Chopstick Suicide – Lost Fathers and Sons

If you ever fancy having your ears blistered and senses twisted inside out and stretched from pillar to post, then Turkish mathcore band Chopstick Suicide are eager and ready to do a very satisfying job with their new album Lost Fathers and Sons. A band that is as new to you as to us I am sure, Chopstick Suicide have come up with a tasty release that intrigues with fine unpredictable invention and pleases with a vibrant vein of dark humour and intent. The band fuse numbing heavy riffs and bulky intensity with jazz infused melodic ingenuity and head spinning discordance. Think Dillinger Escape Plan with a twist of Everytime I Die and Dog Fashion Disco and you get a feel for their distinct manipulations. The eight track album is challenging and a test upon the ear at times but it is thoroughly rewarding given time and room to violate.

From Istanbul the band formed in 2008 releasing their debut EP Recycle Your People in 2008 and first album Loserville two years later. A change that saw the current line-up of vocalist Mert, guitarist Yagiz, bassist Cem, and Alican on drums in place, released the Small People, Broken Glasses EP last year and now follow-up its strongly received  attention with Lost Fathers and Sons via Turkish label Peyote Müzik. One still feels with this release that without a slice of luck they will remain an underground name due to one assumes a limited exposure the label can give the album worldwide but once heard it is hard to imagine many not taken a shine at the very least to the sounds it offers.

The album goes for the jugular from the off with Everyone Sleeps But Me, the track winding up the senses until they snap with an eager groove, disruptive rhythms, and storming stuttering riffs. The guitars grin with a wicked glint as they twist the nerve ends with manic delight then chuckle as they surprise with some inspired jazz flavoured infusions. The vocals from growls to rough group harmonies work wonderfully alongside the decisive nastily hypnotic sounds and though when Mert slips into a cleaner approach there is a loss of strength to his delivery the song is deeply agreeable.

This is a great and powerful start to the release that is soon equalled by the following song The Chalk And The Matter. With even more intensity and mass the track marches through the ear with chugging riffs to evolve into an unrelenting battering of boisterous rhythms entangled with scorched melodic guitar jabs and a mesmeric jazz funk interlude. The maelstrom of sounds as on every track verges on lunacy and what a deeply pleasing wild ride it is.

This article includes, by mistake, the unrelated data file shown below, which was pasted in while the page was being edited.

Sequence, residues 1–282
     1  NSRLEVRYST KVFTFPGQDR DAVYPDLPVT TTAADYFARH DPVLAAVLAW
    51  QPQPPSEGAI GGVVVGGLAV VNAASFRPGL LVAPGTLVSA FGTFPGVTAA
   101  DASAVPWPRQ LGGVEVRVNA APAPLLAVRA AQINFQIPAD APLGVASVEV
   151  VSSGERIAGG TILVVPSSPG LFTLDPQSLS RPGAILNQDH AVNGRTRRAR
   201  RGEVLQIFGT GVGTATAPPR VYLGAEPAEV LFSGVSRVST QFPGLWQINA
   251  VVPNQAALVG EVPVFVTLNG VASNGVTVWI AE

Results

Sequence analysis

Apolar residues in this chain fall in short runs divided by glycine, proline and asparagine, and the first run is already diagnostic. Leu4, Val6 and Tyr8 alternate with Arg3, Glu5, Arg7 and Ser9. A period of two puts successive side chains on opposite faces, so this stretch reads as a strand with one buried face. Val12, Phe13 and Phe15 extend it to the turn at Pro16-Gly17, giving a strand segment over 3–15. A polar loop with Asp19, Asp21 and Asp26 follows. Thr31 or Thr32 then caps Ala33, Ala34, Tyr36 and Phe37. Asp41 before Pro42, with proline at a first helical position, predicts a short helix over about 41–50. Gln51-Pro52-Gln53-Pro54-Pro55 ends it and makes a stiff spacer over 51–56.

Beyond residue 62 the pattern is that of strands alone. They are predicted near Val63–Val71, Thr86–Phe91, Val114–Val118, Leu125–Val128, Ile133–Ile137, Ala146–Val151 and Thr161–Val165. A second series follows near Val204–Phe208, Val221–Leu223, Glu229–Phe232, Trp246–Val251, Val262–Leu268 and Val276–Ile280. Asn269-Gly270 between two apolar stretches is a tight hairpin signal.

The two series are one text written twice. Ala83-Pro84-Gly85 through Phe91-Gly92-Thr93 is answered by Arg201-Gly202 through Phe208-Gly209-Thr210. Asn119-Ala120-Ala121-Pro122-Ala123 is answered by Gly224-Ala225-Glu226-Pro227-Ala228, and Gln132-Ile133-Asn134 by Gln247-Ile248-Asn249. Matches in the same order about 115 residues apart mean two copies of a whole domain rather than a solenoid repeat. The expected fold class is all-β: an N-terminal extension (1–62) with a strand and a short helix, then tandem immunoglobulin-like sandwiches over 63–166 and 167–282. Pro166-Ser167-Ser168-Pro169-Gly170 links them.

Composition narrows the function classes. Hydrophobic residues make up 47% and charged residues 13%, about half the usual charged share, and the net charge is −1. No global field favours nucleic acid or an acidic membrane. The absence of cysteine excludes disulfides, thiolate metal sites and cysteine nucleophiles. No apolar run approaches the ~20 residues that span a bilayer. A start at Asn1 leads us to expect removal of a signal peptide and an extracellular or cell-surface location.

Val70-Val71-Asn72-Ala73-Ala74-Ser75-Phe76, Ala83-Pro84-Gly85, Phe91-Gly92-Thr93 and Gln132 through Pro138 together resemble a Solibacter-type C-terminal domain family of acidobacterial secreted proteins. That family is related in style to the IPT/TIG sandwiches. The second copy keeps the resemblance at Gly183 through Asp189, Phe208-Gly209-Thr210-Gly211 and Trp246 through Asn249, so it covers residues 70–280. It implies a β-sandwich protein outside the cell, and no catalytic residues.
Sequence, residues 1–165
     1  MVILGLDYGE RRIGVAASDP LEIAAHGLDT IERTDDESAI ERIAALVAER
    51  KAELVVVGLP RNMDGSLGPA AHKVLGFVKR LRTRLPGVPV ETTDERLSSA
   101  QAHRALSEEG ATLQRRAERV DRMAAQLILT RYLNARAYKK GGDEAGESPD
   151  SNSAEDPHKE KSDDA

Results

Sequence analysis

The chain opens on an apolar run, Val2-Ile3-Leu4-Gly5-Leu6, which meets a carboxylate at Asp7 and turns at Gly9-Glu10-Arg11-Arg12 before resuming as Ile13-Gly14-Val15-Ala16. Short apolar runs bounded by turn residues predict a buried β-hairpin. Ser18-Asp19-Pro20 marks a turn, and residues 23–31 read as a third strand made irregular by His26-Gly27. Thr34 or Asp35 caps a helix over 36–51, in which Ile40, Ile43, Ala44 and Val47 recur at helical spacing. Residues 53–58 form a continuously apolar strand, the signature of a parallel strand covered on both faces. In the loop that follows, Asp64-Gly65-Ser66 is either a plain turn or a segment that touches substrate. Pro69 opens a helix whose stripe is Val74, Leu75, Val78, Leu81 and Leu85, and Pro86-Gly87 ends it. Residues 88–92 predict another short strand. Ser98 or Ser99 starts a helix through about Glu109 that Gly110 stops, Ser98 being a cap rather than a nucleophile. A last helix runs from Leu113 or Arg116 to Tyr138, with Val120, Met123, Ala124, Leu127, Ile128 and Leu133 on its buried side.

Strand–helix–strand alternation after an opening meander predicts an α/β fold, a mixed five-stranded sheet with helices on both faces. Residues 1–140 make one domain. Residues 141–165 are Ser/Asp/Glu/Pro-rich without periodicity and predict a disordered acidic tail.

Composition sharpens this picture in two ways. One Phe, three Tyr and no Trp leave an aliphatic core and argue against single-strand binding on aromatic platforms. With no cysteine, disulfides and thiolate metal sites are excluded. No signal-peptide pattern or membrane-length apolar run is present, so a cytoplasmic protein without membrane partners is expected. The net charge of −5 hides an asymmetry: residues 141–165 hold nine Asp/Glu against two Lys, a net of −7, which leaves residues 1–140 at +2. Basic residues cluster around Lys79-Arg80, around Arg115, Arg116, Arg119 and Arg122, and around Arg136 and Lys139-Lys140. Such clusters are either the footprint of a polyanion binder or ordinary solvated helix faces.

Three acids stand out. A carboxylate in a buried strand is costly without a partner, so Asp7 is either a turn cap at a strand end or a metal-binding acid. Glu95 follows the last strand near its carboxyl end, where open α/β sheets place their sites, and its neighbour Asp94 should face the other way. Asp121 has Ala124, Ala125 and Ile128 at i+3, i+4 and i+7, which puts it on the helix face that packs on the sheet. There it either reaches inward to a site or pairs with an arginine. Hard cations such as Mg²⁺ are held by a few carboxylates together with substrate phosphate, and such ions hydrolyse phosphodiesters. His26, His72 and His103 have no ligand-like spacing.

The likes of the ravenous Shores Are Not For Vacancies, the wonderful barely controlled Television Television, and the belligerent As I Lay Fail, all continue the impressive level and leave one gasping for breath under the pummelling and unique invention the band thrust through the ear. The album will not work for all; those wanting an easy journey will run for cover shaking heads but for those with adventure to their tastes Lost Fathers and Sons is one stirring experience.

The album does not come without flaws though not majorly damaging ones. At times the release hangs almost too far over the ‘throw everything in the pot’ line to diminish the effect a leaner song would have offered but there is nothing that deeply detracts from a great collection of songs. The other aspect that does not quite work is the clean vocals of Mert, as a growling vocalist he is supreme and when he merges that into a smoother grizzled attack he is excellent too but straight clean vocals are not his forte as shown notably on Your Average Hero. Hopefully they will stick with the coarser attack in the future or bring another voice in for any clean elements they infuse into the songs.

The release ends on the wonderful punk riot of Kolpa, a straight punk /hardcore unbridled bomb of fun. It does not really fit with the rest of the album but is simply a bedlamic bundle of eagerness that has one grinning broadly especially the closing electronic repeating of the name Lene Lovich.

Lost Fathers and Sons is great fun and an accomplish work of musicians who have an ingenious and slightly insane creative ability to excite and pleasure. You may not have heard of Chopstick Suicide yet but go change that right now with this excellent album.

Ringmaster 28/03/2012 Registered & Protected

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1 reply

  1. Wow! Have never heard a Turkish metal band before! Love the vibe!

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